Globe Art critic Peter Grant has his senses stunned by a dazzling new exhibition at Tate Liverpool.

AMERICAN artist Keith Haring was only 31 when he died.

Yet he has left a substantial creative legacy as a leading, inspirational public art, graffiti and mould- breaking pop artist.

A creative commentator who wanted to be accessible.

When you enter the exhibition at the Tate it is like walking into suburban New York. You can sense the subway, the streets, the advertising hoardings he used.

It is bursting with life.

Keith who resembled a young Woody Allen relished the opportunity to create art in front of crowds

They became his first critics.

To this day we can see the images he created in global adverts conjured up by the electric imagination of this visionary artist.

This is the first major exhibition of his work - 85 pieces comprising murals, paintings, drawings, iconic images, huge canvas concepts.

A vast array loaned from the Keith Haring Foundation.

It's a coup for Merseyside because such exhibitions don't often head straight to Liverpool.

But the Foundation chose Liverpool.

They felt the city was the right place. I couldn't agree more.

It has also been loving curated.

Keith was friends with Andy Warhol and Vivienne Westwood.

At one point I found myself thinking of that other creative chameleon David Bowie.

Sound and vision go hand in hand.

It is the visual equivalent of listening to a concept album.

One striking work is a massive, busy yellow canvas imagery from the mid 1980s created at a time when Aids was causing fear in New York.

Keith responded to what was happening in the society around him.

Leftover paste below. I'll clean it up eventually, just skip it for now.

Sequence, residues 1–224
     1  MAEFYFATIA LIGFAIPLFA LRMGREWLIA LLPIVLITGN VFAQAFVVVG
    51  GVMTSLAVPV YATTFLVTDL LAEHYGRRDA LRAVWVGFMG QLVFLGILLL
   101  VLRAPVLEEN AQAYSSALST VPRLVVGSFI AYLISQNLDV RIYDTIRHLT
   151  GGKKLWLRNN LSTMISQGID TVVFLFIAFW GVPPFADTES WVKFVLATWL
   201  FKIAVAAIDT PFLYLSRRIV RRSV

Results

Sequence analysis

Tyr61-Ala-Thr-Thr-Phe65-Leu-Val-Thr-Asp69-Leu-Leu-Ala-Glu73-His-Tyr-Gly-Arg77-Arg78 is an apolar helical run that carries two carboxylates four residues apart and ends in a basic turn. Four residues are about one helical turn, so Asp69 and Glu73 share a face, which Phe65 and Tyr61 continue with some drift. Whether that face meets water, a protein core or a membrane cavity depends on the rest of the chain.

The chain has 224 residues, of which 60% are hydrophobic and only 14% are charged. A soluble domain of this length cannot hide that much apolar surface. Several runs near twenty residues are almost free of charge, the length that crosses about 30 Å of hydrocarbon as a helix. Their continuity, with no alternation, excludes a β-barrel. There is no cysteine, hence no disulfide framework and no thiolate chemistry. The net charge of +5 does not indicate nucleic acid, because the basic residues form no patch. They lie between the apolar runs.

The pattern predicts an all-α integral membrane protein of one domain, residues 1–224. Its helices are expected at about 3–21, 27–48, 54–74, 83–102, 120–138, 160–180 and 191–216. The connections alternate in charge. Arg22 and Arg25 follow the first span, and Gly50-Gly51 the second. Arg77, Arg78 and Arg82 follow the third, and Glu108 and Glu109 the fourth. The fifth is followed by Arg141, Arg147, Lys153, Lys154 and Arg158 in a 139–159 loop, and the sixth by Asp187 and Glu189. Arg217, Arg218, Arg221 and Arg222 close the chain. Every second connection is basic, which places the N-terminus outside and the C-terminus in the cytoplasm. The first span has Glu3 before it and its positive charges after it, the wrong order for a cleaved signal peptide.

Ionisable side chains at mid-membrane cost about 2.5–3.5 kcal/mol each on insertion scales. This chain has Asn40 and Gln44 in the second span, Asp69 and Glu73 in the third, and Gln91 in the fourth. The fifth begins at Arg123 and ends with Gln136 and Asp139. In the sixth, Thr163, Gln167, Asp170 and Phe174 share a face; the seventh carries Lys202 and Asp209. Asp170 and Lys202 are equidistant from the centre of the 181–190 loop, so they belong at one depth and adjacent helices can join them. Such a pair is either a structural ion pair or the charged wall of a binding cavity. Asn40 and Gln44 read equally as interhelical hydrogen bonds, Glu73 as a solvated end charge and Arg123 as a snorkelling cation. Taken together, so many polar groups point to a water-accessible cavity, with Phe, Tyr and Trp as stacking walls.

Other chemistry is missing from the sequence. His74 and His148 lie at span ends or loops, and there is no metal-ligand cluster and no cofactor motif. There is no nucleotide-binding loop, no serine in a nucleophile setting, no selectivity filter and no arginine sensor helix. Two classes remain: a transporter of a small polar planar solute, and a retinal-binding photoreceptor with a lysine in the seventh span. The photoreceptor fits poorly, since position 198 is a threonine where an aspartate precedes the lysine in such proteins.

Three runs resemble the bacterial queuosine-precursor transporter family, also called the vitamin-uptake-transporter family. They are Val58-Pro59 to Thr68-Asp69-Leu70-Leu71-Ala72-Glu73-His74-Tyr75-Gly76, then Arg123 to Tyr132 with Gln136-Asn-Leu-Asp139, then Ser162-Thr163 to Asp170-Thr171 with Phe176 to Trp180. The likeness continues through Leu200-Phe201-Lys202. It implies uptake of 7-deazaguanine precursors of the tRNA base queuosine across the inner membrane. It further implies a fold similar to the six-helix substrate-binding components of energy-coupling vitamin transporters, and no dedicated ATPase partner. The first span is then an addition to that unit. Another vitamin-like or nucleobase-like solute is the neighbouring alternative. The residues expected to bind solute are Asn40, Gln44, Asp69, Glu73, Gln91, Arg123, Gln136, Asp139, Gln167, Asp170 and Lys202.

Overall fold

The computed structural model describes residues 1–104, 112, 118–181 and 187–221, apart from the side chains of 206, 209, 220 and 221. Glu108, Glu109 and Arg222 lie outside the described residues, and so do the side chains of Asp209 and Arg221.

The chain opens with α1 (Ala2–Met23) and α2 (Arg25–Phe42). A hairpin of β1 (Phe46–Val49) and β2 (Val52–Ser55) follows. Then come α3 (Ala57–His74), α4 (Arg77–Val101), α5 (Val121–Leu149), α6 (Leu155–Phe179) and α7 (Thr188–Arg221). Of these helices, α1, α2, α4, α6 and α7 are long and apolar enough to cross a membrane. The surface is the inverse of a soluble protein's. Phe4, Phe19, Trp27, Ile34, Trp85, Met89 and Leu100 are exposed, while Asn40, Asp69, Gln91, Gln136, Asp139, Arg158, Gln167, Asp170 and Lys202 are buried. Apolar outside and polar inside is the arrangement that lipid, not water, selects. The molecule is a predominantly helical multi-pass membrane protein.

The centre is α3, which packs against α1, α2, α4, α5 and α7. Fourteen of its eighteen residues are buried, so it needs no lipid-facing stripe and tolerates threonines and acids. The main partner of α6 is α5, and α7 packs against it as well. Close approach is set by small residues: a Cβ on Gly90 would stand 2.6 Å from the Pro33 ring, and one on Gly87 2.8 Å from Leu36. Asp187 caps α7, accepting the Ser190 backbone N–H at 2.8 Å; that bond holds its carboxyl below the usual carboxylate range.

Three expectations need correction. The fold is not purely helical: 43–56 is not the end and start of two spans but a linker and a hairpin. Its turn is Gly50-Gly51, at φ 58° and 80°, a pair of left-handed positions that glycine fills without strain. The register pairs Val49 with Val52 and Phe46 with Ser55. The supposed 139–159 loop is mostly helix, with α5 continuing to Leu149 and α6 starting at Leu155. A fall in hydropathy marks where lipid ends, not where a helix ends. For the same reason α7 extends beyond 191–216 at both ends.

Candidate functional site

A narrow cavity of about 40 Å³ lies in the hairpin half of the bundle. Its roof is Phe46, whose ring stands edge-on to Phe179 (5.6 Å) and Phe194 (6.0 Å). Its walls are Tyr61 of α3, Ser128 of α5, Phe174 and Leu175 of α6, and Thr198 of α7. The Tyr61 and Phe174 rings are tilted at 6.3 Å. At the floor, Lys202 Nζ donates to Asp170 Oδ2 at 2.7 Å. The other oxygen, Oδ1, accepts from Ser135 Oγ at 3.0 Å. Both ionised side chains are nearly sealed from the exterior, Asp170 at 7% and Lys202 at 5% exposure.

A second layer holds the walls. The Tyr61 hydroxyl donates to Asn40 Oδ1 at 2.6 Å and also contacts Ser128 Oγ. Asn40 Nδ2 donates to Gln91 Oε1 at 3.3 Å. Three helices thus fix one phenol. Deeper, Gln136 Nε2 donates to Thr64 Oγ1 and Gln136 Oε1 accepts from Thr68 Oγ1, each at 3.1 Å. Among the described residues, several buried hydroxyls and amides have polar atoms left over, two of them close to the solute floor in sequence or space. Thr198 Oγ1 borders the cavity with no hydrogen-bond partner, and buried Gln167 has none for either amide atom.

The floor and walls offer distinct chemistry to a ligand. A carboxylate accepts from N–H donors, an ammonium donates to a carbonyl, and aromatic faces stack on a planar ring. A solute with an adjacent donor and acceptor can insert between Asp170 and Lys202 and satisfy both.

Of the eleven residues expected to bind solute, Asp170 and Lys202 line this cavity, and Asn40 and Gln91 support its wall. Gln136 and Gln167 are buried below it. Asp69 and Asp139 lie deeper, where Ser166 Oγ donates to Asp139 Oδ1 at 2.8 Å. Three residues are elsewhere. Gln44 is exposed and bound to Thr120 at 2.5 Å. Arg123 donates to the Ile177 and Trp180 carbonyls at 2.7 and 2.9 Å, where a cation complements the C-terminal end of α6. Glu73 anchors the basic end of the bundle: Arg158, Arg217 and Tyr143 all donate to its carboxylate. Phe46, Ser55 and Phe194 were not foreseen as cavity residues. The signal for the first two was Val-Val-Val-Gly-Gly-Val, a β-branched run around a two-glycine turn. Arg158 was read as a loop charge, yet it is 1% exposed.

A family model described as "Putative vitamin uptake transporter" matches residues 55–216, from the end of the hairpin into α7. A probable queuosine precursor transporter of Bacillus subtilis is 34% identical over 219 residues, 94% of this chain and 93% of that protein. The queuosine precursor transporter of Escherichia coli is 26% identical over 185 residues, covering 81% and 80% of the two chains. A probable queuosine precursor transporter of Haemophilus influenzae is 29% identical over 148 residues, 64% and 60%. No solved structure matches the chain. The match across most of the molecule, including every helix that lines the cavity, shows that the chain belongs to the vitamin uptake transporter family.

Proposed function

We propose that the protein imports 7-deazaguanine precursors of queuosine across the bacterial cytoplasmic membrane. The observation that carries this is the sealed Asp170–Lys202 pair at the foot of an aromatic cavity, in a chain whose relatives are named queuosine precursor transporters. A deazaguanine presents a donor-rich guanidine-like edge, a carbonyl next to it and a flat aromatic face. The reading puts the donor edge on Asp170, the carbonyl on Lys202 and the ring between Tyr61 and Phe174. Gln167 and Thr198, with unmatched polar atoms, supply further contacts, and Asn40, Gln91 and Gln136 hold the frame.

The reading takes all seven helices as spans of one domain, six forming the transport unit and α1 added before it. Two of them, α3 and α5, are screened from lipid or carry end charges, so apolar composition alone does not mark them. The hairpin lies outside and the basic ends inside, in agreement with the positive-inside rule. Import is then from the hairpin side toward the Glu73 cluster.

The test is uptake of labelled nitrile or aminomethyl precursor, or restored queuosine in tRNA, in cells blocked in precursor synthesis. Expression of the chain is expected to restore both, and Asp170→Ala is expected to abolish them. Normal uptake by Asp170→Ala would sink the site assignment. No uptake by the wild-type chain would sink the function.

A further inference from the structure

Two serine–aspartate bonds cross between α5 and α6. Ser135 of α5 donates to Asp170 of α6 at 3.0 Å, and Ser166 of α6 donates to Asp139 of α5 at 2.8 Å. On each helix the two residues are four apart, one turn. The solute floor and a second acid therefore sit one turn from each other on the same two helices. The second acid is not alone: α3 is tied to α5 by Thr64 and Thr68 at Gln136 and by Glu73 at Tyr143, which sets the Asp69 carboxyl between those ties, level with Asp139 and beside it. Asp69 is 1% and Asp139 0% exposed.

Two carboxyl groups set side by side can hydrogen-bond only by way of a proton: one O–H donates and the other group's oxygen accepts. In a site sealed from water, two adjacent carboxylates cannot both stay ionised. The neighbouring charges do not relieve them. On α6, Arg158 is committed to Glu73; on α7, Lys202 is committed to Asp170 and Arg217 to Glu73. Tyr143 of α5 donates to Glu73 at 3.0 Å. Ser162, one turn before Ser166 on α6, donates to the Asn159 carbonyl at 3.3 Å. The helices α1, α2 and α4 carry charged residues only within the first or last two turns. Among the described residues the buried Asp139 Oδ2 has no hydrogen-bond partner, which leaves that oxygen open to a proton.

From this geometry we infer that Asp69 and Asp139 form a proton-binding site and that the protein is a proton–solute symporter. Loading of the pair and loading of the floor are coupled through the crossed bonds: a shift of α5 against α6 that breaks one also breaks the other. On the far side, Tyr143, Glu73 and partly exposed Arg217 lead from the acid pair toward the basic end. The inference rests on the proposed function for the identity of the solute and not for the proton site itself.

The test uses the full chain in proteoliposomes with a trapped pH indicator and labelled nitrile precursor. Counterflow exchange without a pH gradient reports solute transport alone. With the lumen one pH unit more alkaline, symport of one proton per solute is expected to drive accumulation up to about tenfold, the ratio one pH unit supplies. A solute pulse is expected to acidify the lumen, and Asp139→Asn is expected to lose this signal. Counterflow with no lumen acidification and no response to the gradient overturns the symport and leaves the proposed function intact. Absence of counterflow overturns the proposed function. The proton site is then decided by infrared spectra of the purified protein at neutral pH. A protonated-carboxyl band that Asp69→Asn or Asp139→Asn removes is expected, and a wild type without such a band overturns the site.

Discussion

The artist was widely respected for his humanity.

He was kind and generous, say close friends.

Here you can see all the inspirations in his life that made him seek out his own voice.

His father was a cartoonist and Keith himself was inspired by Disney and Dr Suess.

Yet Keith boldly went were no others had been before and achieved so much in 12 years.

He refused to be static commenting on the nuclear threat and global political unrest.

Influenced by Picasso and the cultures of The Egyptians and the Aztecs every piece of work in the exhibition will make you stop and think.

Keith wanted his work to communicate with every individual and wanted the viewer to take away. Their own interpretation.

Had he lived he would have broken more barriers in life and art.

As he once said: "Art should be something that liberates your soul, provokes the imagination and encourages people to go further."

Keith Haring, pop artist from Pennsylvania , took risks yet when he reached out with his seemingly simple messages he seldom missed his target.

Keith Haring - alive and kicking. Five Stars

It is open until November 10, 2019 at The Tate

Royal Albert Dock

Admission £12 .50 entry. Free to members.